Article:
Archive for September 6th, 2012

The BBC is this afternoon reporting that Northern Ireland house builder Dunergan Developments Limited, which went into administration in July 2012, is set to cost NAMA a total of GBP 9m (€12m) with the collapse of property prices in Northern Ireland. The company owes five banks a total of GBP 24m and NAMA will be the main loser from the collapse of the company,

A schedule of creditors – extracts with NAMA loans shown below – shows that NAMA acquired a raft of AIB loans secured on properties right across Northern Ireland. Surprisingly, it seems as if NAMA decided not to acquire Bank of Ireland loans to the company – in the past NAMA has rejected certain loans because of issues with paperwork and security.

The company is owned by the McCann family – Christopher McCann, Eoin McCann, Francis McCann, Hugh McCann, Joan McCann and Michael McCann whose main company is FP McCann Limited which produces a range of manufactured products sold across the UK.


Read Full Post »

Item Number One for the political agenda when the Dail resumes on 18th September, 2012 should be the Personal Insolvency Bill which, as presently drafted, does NOT provide for a modern bankruptcy regime because it allows banks to stop your bid for bankruptcy. Whilst the pace of increase has relented slightly in the past two quarters, the number of mortgage accounts that are in arrears over 90 days is now at a record level of 83,251. And when you add in all accounts in arrears and those accounts that have been restructured which might not be paying a cent presently, there are over 168,000 accounts out of 760,000 which show some form of distress. The main way forward has to be reform of our bankruptcy laws.

So when Minister for Social Protection Joan Burton (pictured above) this morning announced a scheme to give homeowners being offered a restructuring deal by their bank, access to a free consultation with an accountant up to a value of €250, the response on here was that the initiative is little more than a sticking plaster on a gushing wound. But in the absence of proper bankruptcy, it seems like an honest attempt to provide homeowners with independent professional advice in relation to any restructuring scheme put forward by the banks. The announcement says the cost of the service which is borne wholly by the banks “could be in the region of €10m” which would equate to 40,000 * €250. It has been a long held concern on here that banks would take advantage of financially distressed homeowners to kick them off tracker mortgages in return for any restructuring, a move which could cost homeowners hundreds of thousands of euro over the life of the mortgage. So independent professional advice is to be welcomed, if only to stop banks taking advantage of  a bad situation.

It is the banks that are paying for the consultation. In the case of PTSB, AIB/EBS, IBRC and to an extent Bank of Ireland, that means the State paying for the advice because we own these banks. However it seems that all banks, including Ulster, KBC, National Irish and Bank of Scotland/Halifax are included in the scheme.

How do you access the new service? Take a look at the government-run KeepingYourHome.ie website and contact the Mortgage Arrears Information helpline on 0761 07 4050. Your bank should make you aware of the new service launched today.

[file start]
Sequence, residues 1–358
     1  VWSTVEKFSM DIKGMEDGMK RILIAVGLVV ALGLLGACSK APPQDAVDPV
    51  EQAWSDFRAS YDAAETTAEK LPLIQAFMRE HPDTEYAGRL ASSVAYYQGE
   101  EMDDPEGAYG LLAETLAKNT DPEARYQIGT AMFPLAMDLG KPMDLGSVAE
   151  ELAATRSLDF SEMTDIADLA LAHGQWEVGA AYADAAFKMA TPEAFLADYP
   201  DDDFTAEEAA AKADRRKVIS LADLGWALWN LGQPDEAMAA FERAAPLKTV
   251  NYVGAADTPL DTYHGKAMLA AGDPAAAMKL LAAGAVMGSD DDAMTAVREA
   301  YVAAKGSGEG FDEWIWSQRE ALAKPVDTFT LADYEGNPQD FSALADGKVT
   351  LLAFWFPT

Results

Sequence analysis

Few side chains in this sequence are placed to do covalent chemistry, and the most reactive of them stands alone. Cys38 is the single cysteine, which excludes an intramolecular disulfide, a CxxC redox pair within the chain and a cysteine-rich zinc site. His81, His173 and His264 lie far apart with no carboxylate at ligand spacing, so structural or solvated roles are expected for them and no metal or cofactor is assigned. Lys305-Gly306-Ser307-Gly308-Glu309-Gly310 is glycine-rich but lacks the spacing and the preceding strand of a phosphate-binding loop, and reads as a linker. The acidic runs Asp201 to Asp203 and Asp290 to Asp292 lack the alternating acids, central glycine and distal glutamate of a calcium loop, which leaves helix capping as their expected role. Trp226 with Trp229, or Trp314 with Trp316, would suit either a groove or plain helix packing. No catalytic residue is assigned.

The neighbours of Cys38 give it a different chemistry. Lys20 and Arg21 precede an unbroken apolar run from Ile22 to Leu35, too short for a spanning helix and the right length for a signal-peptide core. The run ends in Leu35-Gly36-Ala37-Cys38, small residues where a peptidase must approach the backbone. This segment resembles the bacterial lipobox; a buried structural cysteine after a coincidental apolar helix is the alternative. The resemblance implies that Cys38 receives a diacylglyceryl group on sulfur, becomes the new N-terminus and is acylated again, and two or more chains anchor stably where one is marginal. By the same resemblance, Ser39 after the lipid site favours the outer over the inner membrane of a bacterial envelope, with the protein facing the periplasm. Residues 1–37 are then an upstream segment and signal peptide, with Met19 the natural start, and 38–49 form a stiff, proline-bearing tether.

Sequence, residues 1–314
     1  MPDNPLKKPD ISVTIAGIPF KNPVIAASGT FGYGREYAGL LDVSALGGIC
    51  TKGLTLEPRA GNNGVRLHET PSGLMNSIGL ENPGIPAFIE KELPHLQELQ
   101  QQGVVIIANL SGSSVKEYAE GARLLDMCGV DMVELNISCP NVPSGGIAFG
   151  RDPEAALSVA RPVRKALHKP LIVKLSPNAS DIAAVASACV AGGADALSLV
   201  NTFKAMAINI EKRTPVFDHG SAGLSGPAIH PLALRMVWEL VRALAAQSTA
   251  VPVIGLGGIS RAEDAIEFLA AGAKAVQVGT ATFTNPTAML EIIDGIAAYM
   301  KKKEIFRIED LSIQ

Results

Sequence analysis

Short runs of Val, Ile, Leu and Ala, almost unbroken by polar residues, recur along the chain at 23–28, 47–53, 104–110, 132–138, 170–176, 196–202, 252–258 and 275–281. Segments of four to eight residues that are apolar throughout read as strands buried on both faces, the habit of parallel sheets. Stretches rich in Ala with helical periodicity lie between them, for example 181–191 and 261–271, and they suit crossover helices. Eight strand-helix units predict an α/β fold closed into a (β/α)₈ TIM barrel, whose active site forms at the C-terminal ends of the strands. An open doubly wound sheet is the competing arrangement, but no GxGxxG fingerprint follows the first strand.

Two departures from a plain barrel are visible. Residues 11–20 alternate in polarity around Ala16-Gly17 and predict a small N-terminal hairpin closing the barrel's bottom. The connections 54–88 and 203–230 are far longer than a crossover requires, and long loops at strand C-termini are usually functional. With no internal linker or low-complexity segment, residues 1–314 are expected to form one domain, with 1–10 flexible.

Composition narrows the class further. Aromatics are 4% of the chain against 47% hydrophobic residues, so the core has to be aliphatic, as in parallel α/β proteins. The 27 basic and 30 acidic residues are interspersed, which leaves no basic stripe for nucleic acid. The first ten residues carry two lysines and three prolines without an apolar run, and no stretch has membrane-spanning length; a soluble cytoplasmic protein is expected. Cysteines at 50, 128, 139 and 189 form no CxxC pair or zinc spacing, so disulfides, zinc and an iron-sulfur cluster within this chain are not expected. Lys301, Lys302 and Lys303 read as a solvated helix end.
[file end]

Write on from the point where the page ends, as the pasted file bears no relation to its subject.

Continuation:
Read Full Post »

Where: Shelbourne Hotel, St Stephen’s Green, Dublin
When: 3rd October, 2012 with first lot being offered at 11am
What: auction of 127 properties, mix of residential/commercial/development. Maximum reserves of €15,475,000. Online catalogue available here

It will be billed as Ireland’s biggest ever property auction with 127 Lots and maximum reserves of €15,475,000 – the “maximum reserve” is the price above which the winning bidder is guaranteed to get the property, the maximum reserves might be reduced on the day but they won’t increase. The online catalogue was published this morning.

As usual there is a diverse mix of residential, commercial and development properties located right across the country, with only a third in Dublin. Commercial property includes pubs, pharmacies, petrol station, offices, warehouses and shops. There is a 39-bedroom hotel in Leitrim with a maximum reserve of €300,000. In previous auctions, actual hammer prices have been around 25-40% above the maximum reserves and 9 out of 10 properties generally reach their real reserves. There is a mix of seller which includes receivers and owners – this isn’t all Bank of Scotland foreclosed property by a long stretch.

They seem to have run out of apartments to sell in Liam Carroll’s Castleforbes Square development but I see there are still flats being offered at The Tannery on Cork Street. Most expensive lot by reference to its €850,000 maximum reserves is a 5,000 sq ft Georgian office/residential building on Fitzwilliam Place, just off St Stephen’s Green.

What do the Lots tell us about prices generally? Not much given we just have maximum reserves which would suggest 70%-plus declines from peak if they equalled hammer prices. As is usual with such catalogues there is a very wide range of yields offered, ranging from – as far as I can see – 7% on a 2-bedroom flat off Bloomfield Avenue in Dublin 4 to high teens. There is a property at Church Hill in Tullamore in countyOffaly in a development that was in the past associated with NAMA. There is also a leasehold café in Beacon Court in Sandyford in Dublin but it is not clear if this is one of Paddy Shovlin’s properties to which NAMA has had receivers appointed.